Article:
Coalition Urges Congress to Take on Big Banks and Protect Consumers

FOR IMMEDIATE RELEASE CONTACT: Doug Gordon, 202-822-5200

DATE: October 7, 2009

Americans for Financial Reform: Congress Needs To Take On Big Banks, Protect Consumers

Draft Legislative Language On Derivatives Is Not Enough;

All Transaction Need to Be Transparent

moneyWashington, DC – Americans for Financial Reform released the following statement in advance of the House Financial Service Committee hearing on Reform of the Over-the-Counter Derivative Market: Limiting Risk and Ensuring Fairness.

Heather Booth, Director, Americans for Financial Reform: Unregulated derivatives trading was a major cause of the economic crisis and loss of homes, jobs and retirement savings. Now the big banks want us to look the other way and let Wall Street continue these practices. We cannot continue to have an unguarded henhouse, or hardly better, the fox guard the henhouse. We need Congress to step up and pass new rules that bring all these transactions into the open.

The unsupervised and unregulated credit default swaps which required a multibillion-dollar taxpayer intervention in AIG are just one example of the role that derivatives have played in the financial crisis. Over the past two years, unbridled and unregulated speculation in over-the-counter derivatives has devastated businesses, workers, homeowners, and taxpayers by:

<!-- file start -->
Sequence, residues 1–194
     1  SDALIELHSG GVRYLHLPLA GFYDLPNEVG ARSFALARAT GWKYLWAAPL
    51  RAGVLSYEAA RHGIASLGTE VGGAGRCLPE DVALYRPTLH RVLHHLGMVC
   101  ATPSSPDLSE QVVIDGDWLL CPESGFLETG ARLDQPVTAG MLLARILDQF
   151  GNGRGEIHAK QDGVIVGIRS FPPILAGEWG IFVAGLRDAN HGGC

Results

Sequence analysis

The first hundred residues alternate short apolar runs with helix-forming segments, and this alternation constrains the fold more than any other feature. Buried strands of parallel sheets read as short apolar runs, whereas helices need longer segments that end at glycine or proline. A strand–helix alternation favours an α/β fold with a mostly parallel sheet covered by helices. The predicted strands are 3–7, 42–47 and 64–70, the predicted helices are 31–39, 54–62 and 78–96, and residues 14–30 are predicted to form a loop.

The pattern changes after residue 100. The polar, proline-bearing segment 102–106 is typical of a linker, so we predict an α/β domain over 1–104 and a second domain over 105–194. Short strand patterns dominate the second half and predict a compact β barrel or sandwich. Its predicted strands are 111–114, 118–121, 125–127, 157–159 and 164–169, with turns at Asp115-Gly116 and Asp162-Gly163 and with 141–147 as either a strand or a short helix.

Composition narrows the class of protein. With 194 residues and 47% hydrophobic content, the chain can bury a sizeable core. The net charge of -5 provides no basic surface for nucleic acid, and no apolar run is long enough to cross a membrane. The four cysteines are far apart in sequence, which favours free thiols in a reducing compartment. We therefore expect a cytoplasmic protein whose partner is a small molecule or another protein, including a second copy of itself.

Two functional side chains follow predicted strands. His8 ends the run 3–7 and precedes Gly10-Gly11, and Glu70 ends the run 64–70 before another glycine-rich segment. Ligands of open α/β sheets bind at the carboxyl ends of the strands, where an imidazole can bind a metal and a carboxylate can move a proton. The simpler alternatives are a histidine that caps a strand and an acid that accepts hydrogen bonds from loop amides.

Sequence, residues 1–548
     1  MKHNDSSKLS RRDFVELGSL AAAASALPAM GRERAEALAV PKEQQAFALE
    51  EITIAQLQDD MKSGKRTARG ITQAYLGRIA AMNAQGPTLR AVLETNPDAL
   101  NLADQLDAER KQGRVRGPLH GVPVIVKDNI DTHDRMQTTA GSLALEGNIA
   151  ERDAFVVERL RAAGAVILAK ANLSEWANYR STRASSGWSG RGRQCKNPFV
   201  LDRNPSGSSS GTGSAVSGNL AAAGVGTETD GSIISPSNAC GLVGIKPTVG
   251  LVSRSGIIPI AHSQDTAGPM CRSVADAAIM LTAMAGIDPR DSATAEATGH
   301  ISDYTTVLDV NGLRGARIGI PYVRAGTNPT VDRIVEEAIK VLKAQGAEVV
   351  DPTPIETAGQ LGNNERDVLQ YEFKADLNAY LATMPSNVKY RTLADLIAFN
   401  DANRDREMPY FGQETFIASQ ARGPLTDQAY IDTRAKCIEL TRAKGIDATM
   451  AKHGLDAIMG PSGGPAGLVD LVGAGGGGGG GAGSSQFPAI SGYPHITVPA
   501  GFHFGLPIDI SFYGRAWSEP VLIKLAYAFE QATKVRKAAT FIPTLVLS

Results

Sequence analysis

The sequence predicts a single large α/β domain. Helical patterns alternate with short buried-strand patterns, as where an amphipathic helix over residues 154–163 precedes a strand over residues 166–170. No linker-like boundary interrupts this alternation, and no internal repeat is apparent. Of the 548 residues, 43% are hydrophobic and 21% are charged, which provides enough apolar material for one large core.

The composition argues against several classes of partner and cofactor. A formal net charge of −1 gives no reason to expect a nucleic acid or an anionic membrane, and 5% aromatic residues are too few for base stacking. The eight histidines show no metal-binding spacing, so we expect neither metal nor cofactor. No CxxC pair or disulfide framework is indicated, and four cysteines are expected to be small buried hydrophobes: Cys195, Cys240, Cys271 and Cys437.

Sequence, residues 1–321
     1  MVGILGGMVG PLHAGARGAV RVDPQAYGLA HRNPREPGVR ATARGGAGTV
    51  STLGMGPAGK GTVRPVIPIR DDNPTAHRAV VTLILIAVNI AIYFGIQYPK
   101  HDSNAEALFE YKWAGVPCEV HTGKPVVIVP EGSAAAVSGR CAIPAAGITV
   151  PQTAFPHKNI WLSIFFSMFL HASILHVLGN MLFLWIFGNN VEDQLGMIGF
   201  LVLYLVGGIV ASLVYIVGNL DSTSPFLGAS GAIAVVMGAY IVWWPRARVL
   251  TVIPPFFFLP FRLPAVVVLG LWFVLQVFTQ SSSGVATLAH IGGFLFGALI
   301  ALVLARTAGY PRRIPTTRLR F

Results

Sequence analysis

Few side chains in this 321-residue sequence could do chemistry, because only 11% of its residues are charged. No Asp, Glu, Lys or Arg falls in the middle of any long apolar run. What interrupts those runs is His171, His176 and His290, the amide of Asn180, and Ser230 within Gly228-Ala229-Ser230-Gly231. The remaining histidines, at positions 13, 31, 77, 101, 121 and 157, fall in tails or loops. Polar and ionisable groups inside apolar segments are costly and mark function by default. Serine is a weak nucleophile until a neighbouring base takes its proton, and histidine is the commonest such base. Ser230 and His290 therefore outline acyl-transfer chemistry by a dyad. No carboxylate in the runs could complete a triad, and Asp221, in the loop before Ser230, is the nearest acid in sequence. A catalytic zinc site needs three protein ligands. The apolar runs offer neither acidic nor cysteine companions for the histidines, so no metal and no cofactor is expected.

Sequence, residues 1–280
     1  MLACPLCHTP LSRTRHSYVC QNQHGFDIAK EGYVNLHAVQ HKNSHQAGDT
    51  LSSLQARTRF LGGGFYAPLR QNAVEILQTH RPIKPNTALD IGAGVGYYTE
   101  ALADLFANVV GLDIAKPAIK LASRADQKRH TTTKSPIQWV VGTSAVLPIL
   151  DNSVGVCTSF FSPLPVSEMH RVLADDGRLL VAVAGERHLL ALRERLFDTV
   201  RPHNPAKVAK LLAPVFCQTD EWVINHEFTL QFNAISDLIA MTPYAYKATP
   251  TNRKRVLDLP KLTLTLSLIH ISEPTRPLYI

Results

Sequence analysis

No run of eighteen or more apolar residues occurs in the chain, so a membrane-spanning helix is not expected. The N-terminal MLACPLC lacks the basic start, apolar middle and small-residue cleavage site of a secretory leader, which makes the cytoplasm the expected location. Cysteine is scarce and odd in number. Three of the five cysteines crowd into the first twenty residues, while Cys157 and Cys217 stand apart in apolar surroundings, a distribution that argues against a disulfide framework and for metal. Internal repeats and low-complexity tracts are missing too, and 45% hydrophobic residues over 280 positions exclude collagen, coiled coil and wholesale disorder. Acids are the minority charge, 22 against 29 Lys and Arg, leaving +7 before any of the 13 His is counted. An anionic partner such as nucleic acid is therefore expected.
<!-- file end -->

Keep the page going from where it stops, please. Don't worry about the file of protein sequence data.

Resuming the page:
-Fueling the housing price bubble;

-Facilitating overleveraging of financial institutions;

-Imposing systemic risk by institutions which were too interconnected to fail;

-Driving extreme volatility in oil and grain prices; and

-Accelerating the market meltdown.

Overhaul of the regulations governing the trading of derivatives is critical to our economic recovery and the construction of a sustainable financial system.

AFR advocates requirements that virtually all derivatives trading be conducted on fully regulated, public, transparent exchanges that ensure capital adequacy. We also support rare, individually negotiated off-exchange exceptions approved by the federal regulator for legitimate, tailored business needs and supported by enhanced capital requirements.

Tough prohibitions against fraud, manipulation, and excessive speculation are required for all derivatives. Regulations must subject all marketers of derivatives instruments to registration, business conduct rules, complete record keeping, and strict capital adequacy requirements.

The discussion draft of the Over-the-Counter Derivatives Market Act of 2009 released October 2 by House Financial Services Committee Chairman Barney

Frank does not meet these standards. We recognize that this is a discussion draft and we look forward to discussing with the Chairman the core policy components of exchange trading, capital adequacy, anti-manipulation and anti-fraud. Further, it is imperative that the bill does not resolve pending derivatives litigation in favor of financial institutions.

The members of AFR look forward to a constructive dialogue with Congress in order to achieve real reform of the opaque, highly leveraged transactions that exposed our economy to systemic ruin, our citizens to the loss of jobs and homes; and burdened taxpayers with the unfair and unsustainable role of backer of last resort.